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A running shoe is designed to cradle the foot, and not just protect it from the pounding, but to optimize a runner’s gait in such a way that a person can run longer and faster without worrying about injury. At its most basic, a running shoe is made up of an outsole, midsole and upper. The outsole is the bottom of the shoe, that durable slab of rubber providing traction throughout the gait cycle. The midsole rests atop the outsole, and provides cushioning and stability. The upper is generally made of mesh, synthetic fabrics or leather, and cocoons the foot.
Just as every run is unique, so every running shoe is designed for a specific type of runner. When selecting a running shoe, take into account the frequency of your training and your performance level. A shoe should fit comfortably and snug, but should not be so tight that your toes press against the front of the shoe or the top of your foot aches from the laces being too tight.
Also, be aware of your gait. The three broad categories that define running shoes — Cushioning, Structured Cushioning, and Maximum Support — enhance gait by working with the natural movement of your foot, providing a more efficient stride. How you pronate plays a great part in a shoe’s ability to enhance your running experience. Pronation is a normal, natural rolling motion that helps to attenuate shock. Some runners find that their foot does not roll all the way in, making the foot work harder to push off properly. This is known as underpronation (or supination). Conversely, a foot that rolls inward too much in known as overpronation. Runners who underpronate (or, supinate) would feel more comfortable with a Cushioning shoe. Overpronators do better with Maximum Support, and those with a more neutral stride would do well with Structured Cushioning.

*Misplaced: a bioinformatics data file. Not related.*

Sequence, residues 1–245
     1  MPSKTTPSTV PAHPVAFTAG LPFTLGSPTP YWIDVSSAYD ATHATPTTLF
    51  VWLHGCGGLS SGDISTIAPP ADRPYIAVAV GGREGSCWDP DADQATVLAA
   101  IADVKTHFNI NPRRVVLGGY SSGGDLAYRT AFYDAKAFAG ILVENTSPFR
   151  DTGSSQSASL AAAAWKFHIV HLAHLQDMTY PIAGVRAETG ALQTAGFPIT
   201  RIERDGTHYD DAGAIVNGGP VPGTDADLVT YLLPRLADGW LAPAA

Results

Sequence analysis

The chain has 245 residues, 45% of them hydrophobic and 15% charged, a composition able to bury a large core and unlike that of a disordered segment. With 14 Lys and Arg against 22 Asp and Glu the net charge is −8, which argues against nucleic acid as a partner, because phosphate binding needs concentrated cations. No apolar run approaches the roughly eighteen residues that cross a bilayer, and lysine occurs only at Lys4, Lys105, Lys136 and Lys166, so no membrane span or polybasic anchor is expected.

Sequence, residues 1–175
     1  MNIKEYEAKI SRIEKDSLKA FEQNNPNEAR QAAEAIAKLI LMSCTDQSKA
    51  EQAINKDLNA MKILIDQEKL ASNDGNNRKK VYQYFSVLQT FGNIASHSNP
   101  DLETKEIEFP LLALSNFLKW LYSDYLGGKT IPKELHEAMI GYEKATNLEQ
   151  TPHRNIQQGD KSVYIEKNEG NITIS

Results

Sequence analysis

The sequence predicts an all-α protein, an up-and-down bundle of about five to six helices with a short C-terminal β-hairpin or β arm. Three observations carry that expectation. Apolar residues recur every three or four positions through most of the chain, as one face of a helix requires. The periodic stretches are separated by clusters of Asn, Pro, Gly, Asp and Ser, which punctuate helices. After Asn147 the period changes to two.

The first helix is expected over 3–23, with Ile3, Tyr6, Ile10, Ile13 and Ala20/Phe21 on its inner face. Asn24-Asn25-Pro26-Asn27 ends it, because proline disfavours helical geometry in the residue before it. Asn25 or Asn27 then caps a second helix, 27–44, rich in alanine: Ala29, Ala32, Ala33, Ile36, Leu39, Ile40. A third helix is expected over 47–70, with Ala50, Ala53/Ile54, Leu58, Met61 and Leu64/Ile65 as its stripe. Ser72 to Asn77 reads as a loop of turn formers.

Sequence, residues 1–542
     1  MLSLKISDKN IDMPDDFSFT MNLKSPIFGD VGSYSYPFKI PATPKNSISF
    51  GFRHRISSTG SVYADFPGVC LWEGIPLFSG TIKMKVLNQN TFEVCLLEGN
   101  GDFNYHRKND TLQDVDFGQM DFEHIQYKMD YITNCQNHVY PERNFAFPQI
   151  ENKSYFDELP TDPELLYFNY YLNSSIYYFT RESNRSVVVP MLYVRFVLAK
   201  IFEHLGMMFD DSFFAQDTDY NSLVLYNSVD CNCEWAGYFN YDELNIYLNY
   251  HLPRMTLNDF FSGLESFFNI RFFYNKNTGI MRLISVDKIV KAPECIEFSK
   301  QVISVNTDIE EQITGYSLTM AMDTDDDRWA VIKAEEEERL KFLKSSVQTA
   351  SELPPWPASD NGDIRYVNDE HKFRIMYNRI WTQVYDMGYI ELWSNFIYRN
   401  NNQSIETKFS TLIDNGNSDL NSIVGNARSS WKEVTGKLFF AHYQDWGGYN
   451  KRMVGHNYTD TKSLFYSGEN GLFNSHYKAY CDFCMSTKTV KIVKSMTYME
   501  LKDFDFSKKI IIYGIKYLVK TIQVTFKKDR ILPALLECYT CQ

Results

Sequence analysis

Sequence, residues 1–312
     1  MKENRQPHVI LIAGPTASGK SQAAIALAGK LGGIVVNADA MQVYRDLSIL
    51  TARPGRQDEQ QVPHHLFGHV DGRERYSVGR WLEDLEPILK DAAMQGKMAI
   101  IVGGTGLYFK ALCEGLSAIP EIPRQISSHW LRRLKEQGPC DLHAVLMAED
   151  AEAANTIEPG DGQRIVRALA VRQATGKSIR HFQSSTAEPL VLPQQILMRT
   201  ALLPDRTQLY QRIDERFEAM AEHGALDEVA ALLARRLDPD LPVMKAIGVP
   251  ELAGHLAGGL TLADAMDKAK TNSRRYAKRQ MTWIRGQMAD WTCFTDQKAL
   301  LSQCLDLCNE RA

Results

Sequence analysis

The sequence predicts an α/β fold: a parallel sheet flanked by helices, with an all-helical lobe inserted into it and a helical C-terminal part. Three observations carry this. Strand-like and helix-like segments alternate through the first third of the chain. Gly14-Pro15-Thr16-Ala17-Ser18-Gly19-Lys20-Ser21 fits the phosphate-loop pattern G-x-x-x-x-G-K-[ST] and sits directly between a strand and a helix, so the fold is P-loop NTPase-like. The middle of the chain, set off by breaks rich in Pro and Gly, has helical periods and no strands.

Pronation is the term used to describe the normal motion of the foot rolling slightly inward through the foot strike. Pronation is essential to shock absorption and forward propulsion. It’s when you overpronate or underpronate (supinate) that you need to be particular about the running shoe you choose.
The Wet Test
This basic test will provide you with a look at your foot imprint. You can use this print to determine your arch shape which guides you in finding a suitable pronation range.
Note: Another way to determine arch type is to look at the outsoles of your old running shoes, although this method is less reliable than the Wet Foot Test. If the sole is worn equally on both sides, you most likely have a normal arch. If you have a flat arch, the sole will show excessive wear on the inside. A high arch usually produces a sole with noticeable wear on the outside.
Quick Tip: You cannot determine arch type by looking at the wear pattern on the heel alone, although this is a common misconception.
Find Your Arch Type / PronationNormal Arch
The most common arch type, the normal arch, leaves a wet print with a flare and a broad band connecting the heel and the forefoot. This foot type is a normal pronator and rolls inward slightly to absorb shock. If you have a normal arch, you’re considered bio-mechanically efficient and don’t need motion control features. The best part about having a normal arch is that you have more freedom when picking a running shoe.